As long as consumers have money to spend, there will be criminals working hard to steal it. We’ve seen a huge uptick in online fraud in the past decade, with phishing scams, in particular, gaining strength. With consumers getting savvier at picking up on the more common phishing scams, like email phishing and fake websites, cybercriminals are now turning to alternative scamming methods. If you have a mobile phone, you’ll likely need to contend with the increasing number and sophistication of vishing scams.
What is vishing?
As with other kinds of phishing, voice scams rely heavily on manipulation and social engineering to get victims to give up personal information.
With vishing, criminals typically pretend to be from an official source, such as a bank or government organization. Many vishing scams may originate outside of your own country. As such, a lot of vishing scammers will use voice-to-text synthesizers and recorded messages to mask their identity. Those based in your own country may also use a real human on the other end of the line for more targeted scams.
Regardless of the source, most vishing attempts try to convince the victim to give up PIN numbers, Social Security numbers, credit card security codes, passwords, or other personal details. That information will then be used for some type of identity fraud, or to later steal money directly from an account. In some cases, the vishing scammer will attempt to gain access to personal or financial accounts (such as a bank account) in order to steal information or money.
Most vishing scammers now rely on what’s known as “caller ID spoofing”. ID spoofing allows them to send out phone calls that appear to be from a legitimate or localized source. Victims may feel more compelled to pick up the call as a result. However, many vishing scammers also leave a pre-recorded voicemail message should the call be ignored.
You may be wondering how a vishing scammer obtained your phone number in the first place. There’s usually no simple answer to that question, but there are several possible sources. Scammers could be using stolen phone information or calling auto-generated numbers until they get a match. There have been some huge data breaches in recent years and, as such, the likelihood that your number was stolen and floating around on the Dark Web is extremely high.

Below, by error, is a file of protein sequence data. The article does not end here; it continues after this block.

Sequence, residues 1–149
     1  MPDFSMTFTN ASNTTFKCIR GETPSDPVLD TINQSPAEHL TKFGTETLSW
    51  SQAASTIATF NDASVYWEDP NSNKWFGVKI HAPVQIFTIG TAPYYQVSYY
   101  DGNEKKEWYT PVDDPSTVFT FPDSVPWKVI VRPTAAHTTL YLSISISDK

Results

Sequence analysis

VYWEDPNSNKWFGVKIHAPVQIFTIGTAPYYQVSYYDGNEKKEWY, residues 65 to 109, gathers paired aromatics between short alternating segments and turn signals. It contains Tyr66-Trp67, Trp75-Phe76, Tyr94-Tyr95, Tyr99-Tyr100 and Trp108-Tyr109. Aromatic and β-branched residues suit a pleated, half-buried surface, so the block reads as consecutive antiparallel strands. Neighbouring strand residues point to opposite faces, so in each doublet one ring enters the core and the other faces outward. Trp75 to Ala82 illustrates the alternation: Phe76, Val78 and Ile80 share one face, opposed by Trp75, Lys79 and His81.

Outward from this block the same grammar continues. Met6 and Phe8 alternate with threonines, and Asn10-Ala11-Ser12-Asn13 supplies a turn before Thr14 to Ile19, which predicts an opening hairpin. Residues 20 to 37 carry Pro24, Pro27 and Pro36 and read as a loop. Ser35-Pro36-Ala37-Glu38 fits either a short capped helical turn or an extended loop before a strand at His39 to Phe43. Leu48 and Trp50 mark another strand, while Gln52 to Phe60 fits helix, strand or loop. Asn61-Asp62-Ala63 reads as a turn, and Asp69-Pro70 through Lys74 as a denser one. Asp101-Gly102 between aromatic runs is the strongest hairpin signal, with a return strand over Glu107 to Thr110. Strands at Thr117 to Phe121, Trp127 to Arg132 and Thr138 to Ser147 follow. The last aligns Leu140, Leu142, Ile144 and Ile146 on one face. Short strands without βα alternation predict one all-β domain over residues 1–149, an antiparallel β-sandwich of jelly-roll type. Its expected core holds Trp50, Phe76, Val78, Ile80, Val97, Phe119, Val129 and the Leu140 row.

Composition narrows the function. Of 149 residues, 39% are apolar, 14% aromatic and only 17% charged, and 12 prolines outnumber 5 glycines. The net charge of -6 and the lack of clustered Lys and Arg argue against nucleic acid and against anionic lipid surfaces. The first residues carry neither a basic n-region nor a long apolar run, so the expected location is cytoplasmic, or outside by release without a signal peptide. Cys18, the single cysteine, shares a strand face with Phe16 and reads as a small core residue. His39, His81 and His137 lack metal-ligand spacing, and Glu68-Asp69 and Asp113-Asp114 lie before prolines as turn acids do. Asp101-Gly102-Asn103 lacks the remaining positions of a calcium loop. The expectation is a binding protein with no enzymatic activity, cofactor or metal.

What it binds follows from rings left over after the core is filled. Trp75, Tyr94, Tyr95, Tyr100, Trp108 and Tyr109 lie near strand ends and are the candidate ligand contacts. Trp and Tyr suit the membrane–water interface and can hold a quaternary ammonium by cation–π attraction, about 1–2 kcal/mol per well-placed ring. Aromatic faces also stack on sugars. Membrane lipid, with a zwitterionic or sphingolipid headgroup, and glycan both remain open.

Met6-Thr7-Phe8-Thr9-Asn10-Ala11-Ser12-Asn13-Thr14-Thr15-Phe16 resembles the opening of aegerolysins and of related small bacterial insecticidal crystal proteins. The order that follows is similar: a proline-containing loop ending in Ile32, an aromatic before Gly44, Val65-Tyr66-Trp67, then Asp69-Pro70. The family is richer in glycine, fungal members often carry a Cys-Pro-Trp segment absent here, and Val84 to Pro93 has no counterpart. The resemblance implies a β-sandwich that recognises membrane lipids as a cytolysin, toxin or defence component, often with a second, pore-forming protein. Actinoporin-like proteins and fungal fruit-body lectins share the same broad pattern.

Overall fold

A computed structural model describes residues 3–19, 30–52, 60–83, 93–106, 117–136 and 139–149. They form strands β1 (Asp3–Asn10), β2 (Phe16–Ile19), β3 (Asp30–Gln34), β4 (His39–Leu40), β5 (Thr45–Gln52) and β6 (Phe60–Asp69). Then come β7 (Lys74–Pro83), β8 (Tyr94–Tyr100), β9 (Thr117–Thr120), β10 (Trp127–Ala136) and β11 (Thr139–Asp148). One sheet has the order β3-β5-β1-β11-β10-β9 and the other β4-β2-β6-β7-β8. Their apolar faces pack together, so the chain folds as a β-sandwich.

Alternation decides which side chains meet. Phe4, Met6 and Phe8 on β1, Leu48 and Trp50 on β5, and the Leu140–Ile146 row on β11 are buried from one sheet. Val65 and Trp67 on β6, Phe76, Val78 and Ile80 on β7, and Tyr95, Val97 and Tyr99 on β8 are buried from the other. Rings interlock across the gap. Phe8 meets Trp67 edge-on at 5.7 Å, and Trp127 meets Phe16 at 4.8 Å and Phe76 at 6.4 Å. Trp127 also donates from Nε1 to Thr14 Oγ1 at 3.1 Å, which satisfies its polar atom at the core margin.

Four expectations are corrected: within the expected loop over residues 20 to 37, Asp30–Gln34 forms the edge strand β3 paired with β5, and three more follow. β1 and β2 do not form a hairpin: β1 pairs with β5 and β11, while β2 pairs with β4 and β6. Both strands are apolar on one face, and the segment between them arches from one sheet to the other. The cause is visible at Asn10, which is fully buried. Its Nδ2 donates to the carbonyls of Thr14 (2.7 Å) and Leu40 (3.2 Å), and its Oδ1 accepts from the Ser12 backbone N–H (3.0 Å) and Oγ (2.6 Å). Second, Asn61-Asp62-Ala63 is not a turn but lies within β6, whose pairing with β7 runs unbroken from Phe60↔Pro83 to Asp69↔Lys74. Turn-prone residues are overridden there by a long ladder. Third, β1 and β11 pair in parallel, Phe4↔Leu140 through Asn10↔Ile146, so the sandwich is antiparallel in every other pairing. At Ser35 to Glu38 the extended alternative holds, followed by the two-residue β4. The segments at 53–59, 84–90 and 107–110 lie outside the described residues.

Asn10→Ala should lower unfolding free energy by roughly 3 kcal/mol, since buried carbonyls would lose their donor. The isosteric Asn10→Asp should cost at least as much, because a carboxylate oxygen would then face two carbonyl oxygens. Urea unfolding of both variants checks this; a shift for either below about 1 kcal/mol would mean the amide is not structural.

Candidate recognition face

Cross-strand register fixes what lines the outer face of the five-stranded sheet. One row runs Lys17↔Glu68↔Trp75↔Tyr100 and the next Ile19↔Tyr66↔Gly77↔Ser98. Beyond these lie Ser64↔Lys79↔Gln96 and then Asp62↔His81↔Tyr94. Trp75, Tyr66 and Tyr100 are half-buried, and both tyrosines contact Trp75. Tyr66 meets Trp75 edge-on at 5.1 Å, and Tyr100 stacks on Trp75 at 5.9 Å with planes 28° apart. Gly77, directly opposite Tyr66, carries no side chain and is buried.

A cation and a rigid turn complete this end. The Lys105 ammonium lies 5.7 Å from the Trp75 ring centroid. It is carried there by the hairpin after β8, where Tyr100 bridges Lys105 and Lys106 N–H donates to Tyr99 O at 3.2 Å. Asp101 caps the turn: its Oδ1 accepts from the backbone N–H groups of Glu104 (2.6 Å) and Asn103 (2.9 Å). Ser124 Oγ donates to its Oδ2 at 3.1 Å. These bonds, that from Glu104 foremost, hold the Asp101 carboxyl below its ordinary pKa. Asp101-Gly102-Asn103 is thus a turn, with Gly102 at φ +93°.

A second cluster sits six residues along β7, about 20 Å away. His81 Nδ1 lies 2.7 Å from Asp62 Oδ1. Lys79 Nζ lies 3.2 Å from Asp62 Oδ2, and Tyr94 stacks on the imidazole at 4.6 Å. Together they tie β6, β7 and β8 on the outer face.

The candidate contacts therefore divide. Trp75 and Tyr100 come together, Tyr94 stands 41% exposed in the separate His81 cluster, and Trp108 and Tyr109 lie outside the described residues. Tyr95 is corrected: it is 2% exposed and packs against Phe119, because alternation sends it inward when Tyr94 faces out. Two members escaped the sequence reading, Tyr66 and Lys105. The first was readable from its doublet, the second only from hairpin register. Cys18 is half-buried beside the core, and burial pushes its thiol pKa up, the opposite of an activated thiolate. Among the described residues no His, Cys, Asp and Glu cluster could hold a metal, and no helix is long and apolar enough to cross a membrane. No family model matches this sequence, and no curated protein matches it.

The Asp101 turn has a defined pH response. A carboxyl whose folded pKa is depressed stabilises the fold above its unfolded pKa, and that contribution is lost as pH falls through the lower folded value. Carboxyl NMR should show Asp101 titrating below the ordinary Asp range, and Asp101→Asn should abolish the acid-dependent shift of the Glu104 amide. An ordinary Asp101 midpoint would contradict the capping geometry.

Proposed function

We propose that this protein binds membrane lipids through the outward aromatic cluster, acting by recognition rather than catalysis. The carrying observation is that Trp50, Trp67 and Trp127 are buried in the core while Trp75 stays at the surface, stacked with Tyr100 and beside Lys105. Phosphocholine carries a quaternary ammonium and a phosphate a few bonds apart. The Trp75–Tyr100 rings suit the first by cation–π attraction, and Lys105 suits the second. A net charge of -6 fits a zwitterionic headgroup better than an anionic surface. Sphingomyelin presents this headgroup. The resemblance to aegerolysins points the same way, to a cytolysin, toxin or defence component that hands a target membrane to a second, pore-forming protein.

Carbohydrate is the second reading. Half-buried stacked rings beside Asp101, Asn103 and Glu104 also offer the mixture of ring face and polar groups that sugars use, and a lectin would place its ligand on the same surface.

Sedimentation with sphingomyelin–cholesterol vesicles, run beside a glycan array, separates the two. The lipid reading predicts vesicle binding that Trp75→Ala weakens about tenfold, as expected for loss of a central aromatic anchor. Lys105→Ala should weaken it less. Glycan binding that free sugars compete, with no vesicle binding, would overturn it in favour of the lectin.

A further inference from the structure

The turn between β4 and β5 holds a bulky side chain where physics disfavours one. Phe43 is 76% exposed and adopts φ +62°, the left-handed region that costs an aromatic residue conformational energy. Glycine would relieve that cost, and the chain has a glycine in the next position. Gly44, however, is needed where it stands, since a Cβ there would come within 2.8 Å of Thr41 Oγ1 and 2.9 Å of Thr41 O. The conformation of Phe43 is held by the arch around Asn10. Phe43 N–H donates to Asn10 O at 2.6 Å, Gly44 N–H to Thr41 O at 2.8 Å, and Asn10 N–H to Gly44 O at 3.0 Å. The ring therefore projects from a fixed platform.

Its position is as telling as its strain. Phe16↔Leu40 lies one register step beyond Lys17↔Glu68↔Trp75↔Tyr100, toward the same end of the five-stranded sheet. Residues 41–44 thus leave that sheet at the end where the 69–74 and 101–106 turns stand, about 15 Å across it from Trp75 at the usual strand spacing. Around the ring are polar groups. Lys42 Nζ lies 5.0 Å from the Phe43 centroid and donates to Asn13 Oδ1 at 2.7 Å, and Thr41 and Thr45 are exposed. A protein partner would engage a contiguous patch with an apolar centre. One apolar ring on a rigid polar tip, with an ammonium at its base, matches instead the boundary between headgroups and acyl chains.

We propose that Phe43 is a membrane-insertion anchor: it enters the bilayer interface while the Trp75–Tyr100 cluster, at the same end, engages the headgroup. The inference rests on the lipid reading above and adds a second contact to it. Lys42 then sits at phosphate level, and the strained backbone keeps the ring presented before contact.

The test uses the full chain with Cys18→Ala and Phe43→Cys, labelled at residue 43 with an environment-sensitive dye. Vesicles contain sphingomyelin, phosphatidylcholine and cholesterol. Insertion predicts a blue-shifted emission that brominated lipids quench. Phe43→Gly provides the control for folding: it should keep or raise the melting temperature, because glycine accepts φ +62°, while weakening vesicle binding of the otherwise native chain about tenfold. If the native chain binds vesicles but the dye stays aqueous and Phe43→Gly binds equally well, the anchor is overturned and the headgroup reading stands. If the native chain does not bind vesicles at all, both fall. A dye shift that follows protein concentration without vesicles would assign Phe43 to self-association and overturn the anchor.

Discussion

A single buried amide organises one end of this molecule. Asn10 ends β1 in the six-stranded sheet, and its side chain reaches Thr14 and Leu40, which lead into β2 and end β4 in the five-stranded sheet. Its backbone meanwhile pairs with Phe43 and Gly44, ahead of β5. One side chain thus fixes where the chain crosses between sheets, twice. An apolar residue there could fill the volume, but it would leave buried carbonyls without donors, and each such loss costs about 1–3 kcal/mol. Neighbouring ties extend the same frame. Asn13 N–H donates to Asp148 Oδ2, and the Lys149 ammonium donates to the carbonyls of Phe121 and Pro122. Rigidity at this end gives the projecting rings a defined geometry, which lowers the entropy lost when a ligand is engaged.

In particular, the 2017 Equifax breach alone impacted 147 million Americans. More recently, some 885 million records were exposed in the 2019 First American Corporation data leak, while 553 million Facebook users also had their data compromised in the same year. And with reports that data breaches in 2021 had already topped those of 2020 by September, they aren’t going away any time soon.
If you’re like me, your email address has already been stolen in multiple breaches over the years. (You can check to see if your email has been compromised here).
Not all vishing scammers target individuals
One common misconception about vishing is that the attacks target average consumers. However, businesses are also commonly in the crosshairs. Scammers may target businesses not only to obtain private user information but also to potentially scam those businesses out of money and valuable data.
A skilled scammer can even get complete access to an individual user’s targeted accounts. The following video from CNN Business shows exactly how this might occur, and just how simple it is for a scammer to get into your personal accounts from a business-targeted vishing scam.
Unfortunately, there’s little you can do to protect against scammers who trick your bank or other businesses into giving up your information. The fault in these cases lies with business support staff who fail to follow proper procedures and instead fall victim to intelligently deceptive vishing scams.
Types of vishing
It’s normally easy to tell if you’ve received a vishing attempt based on the context of the call. The phone exchange may go something like this: